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Steve Raymer, an acclaimed photographer, made six trips to Kolkata between 2009 and 2012 for this book of images of the city. His objective, as he declares early on, was to document the “legendary city” that has “become the byword for unspeakable poverty”. Only his project wasn’t as disinterested as the word “document” implies. Raymer had grander ambitions, as the title reveals, of “redeeming” Calcutta’s reputation, of showing that there was far more to the city than the ubiquitous poverty. It’s an impulse guaranteed to get an indulgent reception from every true-blue Calcuttan — and I am one, despite, or perhaps because of, having left the city many years ago. So why am I not taken with Raymer’s book?
Mainly because all the images here seem unoriginal. You have seen flashes of them in Raghubir Singh’s Calcutta (1988), the first big-format picture book depicting the teeming life of the city, and Raghu Rai’s book published a year later. Singh and Rai are pioneers and artists who, in these books and their later work on Calcutta (and Bombay and India, in general), pretty much set the frame of the picture, both in terms of subject matter and the way they were photographed. Much of what they captured 20 years ago — hand-pulled rickshaw-wallahs as human beasts of burden; the texture of mildew on crumbling buildings, once-grand structures; idols in various states of making in Kumartuli, the potters’ colony; aerial shots of the chaotic traffic; the immersion of the Durga idol in the Hooghly; bathers on the ghats; the Missionaries of Charity nuns and their flock of the ill and dying, and so on — are today stock images of Kolkata. The point is not that this is not the reality of Kolkata, but that in the hands of all but the most sensitive of artists it can become the pornography of poverty and squalor.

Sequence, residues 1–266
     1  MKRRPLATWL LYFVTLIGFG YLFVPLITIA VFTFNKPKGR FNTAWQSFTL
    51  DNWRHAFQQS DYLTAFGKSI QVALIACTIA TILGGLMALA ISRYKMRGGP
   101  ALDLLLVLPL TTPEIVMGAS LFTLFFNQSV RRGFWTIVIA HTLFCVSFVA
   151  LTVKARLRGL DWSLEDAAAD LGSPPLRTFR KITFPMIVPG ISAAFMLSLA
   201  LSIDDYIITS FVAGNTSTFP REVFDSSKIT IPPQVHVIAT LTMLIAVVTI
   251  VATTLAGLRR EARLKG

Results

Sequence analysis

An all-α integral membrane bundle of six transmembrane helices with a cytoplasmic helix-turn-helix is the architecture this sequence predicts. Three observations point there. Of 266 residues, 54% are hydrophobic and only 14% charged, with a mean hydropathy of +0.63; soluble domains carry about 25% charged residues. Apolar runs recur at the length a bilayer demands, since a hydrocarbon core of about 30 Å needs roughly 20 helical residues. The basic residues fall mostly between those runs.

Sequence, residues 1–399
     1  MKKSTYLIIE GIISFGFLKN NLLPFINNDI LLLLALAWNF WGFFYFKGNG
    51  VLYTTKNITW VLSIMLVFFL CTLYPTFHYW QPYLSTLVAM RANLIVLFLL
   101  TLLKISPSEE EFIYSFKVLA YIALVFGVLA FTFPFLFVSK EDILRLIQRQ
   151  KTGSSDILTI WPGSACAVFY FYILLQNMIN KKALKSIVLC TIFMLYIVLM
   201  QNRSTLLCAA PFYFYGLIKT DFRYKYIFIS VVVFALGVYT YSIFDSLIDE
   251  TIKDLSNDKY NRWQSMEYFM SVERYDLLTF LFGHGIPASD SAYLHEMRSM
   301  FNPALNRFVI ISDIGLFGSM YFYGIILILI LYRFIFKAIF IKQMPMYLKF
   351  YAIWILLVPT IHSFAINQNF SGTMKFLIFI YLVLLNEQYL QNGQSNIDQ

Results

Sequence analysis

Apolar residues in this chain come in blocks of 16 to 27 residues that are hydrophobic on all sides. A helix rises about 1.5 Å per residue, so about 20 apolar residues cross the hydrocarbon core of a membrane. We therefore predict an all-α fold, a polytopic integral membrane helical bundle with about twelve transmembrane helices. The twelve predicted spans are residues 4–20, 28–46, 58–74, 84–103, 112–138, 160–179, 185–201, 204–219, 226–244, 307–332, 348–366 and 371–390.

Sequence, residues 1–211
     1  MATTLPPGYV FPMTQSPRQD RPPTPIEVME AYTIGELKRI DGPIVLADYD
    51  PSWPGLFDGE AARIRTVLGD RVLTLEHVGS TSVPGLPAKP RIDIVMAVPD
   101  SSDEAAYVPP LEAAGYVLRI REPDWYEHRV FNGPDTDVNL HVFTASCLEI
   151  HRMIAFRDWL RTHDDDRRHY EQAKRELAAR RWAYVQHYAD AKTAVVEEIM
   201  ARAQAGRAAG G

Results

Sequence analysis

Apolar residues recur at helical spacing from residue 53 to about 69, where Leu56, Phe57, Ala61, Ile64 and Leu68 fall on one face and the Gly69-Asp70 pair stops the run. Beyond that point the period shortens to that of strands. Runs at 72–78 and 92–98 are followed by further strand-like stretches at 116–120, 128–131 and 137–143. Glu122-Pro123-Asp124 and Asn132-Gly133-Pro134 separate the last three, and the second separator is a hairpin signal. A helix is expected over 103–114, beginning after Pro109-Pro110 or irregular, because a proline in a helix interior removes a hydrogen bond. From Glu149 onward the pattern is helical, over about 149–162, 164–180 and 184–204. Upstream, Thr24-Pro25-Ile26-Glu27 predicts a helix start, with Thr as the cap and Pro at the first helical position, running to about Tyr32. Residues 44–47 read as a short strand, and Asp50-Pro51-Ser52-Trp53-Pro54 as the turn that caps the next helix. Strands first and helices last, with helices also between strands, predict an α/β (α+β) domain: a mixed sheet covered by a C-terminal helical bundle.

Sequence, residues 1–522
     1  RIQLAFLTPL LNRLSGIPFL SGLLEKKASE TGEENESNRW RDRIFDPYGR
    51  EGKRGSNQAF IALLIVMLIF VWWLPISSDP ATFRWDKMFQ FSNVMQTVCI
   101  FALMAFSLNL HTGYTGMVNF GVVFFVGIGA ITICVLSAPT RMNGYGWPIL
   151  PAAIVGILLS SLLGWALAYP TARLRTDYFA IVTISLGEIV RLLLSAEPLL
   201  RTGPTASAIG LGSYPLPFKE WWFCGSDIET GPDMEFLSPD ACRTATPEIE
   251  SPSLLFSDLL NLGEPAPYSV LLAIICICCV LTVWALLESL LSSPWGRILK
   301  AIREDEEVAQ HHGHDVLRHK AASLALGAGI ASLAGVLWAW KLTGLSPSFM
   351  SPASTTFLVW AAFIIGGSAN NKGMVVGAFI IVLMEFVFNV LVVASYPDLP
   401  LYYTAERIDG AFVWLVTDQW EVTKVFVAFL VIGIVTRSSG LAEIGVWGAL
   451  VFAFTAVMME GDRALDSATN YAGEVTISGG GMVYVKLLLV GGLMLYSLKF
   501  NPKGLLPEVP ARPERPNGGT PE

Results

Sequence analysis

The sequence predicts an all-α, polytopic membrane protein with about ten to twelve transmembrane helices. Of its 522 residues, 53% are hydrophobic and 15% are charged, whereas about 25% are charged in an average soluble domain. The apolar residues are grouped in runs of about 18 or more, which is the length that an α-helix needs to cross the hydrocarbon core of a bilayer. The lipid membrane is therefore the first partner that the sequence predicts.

The problem with projects like Raymer’s is the irritating generalisations they make, the pat phrases they use such as “City of Joy” or “A City of Hope and Decay” (Raymer’s title for his introduction), that get more ironic with each iteration. Often, it is Westerners, especially those from first-world countries, who are guilty of this, although even Indians from elsewhere find it hard to look beyond. This is usually the result of ignorance, on the one hand, and on the other, all the ideas that they’ve picked up from the many books that, while focusing on the poverty and the bad things, give a patina of fuzzy romanticism, laced with raj nostalgia, to their description of Kolkata.
Raymer, for instance, appears to have no more than a surface acquaintance with the city and its people. Worse, often his captions are at odds with the images. Here’re a few instances: a rather nice image of a middle-aged woman sitting pensively on a stationary rickshaw is described as, “vulnerable to a toxic brew of vehicle exhausts, a woman rests...” and so on — nowhere do you see even a wisp of smoke. Describing the chaos near Sealdah Railway Station, Raymer talks about the many migrants who come “every day”. This is a little excessive — the hustle-bustle in that area comes from farmers who travel to the city from the hinterland to sell their produce; they will go back in the evening.
Raymer clearly intends his book to be a kind of introduction for lay, Western readers, those thinking of visiting the city, the reason why he includes a chunk of text that gives a potted history of the city’s birth, its growth, the socioeconomics, culture, eminent citizens, past and present, etc. His intended readers will be better served if they looked elsewhere.
REDEEMING CALCUTTA: A PORTRAIT OF INDIA’S IMPERIAL CAPITAL
Author: Steve Raymer
Price: Rs 3,650